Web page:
Coronavirus – Disease, Medical Sciences Involved & Preventive Measures

What is a Pandemic and various other terms?

Note4Students

From UPSC perspective, the following things are important :

Prelims level : Not Much

Mains level : Coronovirus outbreak

What is the news: The World Health Organization (WHO) has declared the COVID-19 outbreak a pandemic.

What is a pandemic?

  • Simply put, a pandemic is a measure of the spread of a disease.
  • When a new disease spreads over a vast geographical area covering several countries and continents, and most people do not have immunity against it, the outbreak is termed a pandemic.
  • It implies a higher level of concern than an epidemic, which the US Centers for Disease and Control Prevention (CDC) define as the spread of a disease in a localised area or country.
  • There is no fixed number of cases or deaths that determine when an outbreak becomes a pandemic.
  • The Ebola virus, which killed thousands in West Africa, is an epidemic as it is yet to mark its presence on other continents.
  • Other outbreaks caused by coronaviruses such as MERS (2012) and SARS (2002), which spread to 27 and 26 countries respectively, were not labelled pandemics because they were eventually contained.

Which outbreaks have been declared pandemics in the past?

  • A major example is the Spanish flu outbreak of 1918, which killed between 20-50 million.
  • Cholera pandemics have been declared multiple times between 1817 and 1975.
  • In 1968, a pandemic was declared for H3N2 that caused about a million deaths.
  • The last pandemic declared by the WHO was in 2009, for H1N1.

Does the declaration change the approach to the disease?

  • Describing the situation as pandemic does not change WHO’s assessment of the risk posed by the virus. However, the categorization as a pandemic can lead to more government attention.
  • The categorization by WHO indicates the risk of disease for countries to take preventive measures.
  • It will help improve funding by international organisations to combat coronavirus.

Difference Between Endemic, Epidemic, Outbreak and Pandemic:

  • AN EPIDEMIC is a disease that affects a large number of people within a community, population, or region.
  • A PANDEMIC is an epidemic that’s spread over multiple countries or continents.
  • ENDEMIC is something that belongs to a particular people or country.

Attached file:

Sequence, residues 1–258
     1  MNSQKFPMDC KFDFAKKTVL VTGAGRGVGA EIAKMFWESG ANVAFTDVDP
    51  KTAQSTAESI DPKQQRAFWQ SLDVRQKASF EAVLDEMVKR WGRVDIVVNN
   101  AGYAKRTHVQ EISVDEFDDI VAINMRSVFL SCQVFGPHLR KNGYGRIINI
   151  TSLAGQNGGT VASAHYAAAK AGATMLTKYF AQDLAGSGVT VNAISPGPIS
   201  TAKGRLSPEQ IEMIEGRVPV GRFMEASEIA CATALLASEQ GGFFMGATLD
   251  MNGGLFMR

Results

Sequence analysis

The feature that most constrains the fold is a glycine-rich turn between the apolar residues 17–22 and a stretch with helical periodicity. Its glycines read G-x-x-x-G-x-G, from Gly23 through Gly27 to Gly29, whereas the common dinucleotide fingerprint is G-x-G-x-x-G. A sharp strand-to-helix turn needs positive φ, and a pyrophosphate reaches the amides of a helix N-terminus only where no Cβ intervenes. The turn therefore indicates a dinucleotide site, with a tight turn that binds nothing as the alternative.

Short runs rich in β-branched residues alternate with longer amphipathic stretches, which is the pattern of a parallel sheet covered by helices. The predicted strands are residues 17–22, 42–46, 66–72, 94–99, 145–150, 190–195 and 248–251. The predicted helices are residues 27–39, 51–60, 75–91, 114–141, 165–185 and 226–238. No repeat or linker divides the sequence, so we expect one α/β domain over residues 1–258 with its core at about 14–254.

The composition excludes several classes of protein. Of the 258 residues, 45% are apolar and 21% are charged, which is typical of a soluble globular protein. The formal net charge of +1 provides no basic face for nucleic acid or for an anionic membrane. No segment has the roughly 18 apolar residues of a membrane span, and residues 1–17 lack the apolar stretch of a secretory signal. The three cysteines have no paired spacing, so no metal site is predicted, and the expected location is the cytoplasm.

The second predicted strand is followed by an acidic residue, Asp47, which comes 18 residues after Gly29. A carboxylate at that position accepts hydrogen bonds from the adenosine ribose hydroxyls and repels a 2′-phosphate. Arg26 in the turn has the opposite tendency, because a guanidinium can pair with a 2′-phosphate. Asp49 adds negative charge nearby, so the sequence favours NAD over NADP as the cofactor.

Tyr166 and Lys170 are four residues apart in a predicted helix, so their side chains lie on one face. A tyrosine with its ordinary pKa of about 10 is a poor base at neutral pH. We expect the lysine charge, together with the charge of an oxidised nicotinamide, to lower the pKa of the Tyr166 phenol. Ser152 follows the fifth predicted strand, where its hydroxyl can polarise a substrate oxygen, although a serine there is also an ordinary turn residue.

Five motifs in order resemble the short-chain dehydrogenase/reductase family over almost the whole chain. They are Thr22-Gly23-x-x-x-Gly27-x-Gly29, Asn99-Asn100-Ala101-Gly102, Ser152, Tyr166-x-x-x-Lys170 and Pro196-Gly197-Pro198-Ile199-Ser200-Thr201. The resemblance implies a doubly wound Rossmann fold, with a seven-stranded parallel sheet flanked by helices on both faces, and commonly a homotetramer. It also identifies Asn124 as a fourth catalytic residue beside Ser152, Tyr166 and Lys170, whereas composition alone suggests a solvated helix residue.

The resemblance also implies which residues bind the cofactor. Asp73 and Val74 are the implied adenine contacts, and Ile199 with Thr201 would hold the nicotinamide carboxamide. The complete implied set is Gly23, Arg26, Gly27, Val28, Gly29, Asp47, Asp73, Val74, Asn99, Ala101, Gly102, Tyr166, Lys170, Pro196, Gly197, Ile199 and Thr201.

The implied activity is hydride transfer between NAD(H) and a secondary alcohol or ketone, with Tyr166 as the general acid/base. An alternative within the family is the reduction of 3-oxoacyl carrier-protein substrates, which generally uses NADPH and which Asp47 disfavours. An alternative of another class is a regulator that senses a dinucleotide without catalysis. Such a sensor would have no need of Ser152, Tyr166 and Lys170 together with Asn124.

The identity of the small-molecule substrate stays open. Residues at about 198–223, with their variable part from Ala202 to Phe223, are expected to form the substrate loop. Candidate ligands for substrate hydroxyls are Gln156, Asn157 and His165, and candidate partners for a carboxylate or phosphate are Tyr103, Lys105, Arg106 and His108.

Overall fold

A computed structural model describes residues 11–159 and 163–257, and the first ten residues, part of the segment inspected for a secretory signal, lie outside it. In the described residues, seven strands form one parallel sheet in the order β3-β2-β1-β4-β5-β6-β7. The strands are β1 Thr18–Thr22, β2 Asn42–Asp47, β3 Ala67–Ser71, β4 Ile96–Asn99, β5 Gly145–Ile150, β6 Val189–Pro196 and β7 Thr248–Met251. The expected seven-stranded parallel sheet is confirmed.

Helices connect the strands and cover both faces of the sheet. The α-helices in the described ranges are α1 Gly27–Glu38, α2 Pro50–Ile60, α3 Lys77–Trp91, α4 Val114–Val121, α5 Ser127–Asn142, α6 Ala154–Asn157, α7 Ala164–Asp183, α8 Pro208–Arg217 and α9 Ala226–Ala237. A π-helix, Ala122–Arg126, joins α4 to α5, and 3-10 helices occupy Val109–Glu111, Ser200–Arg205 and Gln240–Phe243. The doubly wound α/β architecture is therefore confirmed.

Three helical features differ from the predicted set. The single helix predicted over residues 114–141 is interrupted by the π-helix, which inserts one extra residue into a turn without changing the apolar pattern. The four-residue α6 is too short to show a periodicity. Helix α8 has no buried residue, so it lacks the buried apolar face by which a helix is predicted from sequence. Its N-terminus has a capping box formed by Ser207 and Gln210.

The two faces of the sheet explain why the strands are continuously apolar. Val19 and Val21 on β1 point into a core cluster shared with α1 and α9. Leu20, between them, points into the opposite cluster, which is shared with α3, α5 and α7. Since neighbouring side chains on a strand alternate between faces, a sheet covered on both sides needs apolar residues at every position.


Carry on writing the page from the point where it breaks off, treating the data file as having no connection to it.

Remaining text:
• AN OUTBREAK is a greater-than-anticipated increase in the number of endemic cases. It can also be a single case in a new area. If it’s not quickly controlled, an outbreak can become an epidemic.

Epidemic vs. Pandemic

  • A simple way to know the difference between an epidemic and a pandemic is to remember the “P” in the pandemic, which means a pandemic has a passport. A pandemic is an epidemic that travels.

Epidemic vs. Endemic

  • An epidemic is actively spreading; new cases of the disease substantially exceed what is expected.
  • More broadly, it’s used to describe any problem that’s out of control, such as “the opioid epidemic.”
  • An epidemic is often localized to a region, but the number of those infected in that region is significantly higher than normal.
  • For example, when COVID-19 was limited to Wuhan, China, it was an epidemic. The geographical spread turned it into a pandemic.
  • Endemics, on the other hand, are a constant presence in a specific location.
  • Malaria is endemic to parts of Africa. Ice is endemic to Antarctica.

Endemic vs. Outbreak

  • Going one step farther, an endemic can lead to an outbreak, and an outbreak can happen anywhere.
  • Last summer’s dengue fever outbreak in Hawaii is as an example. Dengue fever is endemic to certain regions of Africa, Central and South America, and the Caribbean. Mosquitoes in these areas carry dengue fever and transmit it from person to person.
  • But in 2019 there was an outbreak of dengue fever in Hawaii, where the disease is not endemic. It’s believed an infected person visited the Big Island and was bitten by mosquitoes there.
  • The insects then transferred the disease to other individuals they bit, which created an outbreak.

You can see why it’s so easy to confuse these terms. They’re all related to one another and there’s a natural ebb and flow between them as treatments become available and measures for control are put in place — or as flare-ups occur and disease begins to spread.

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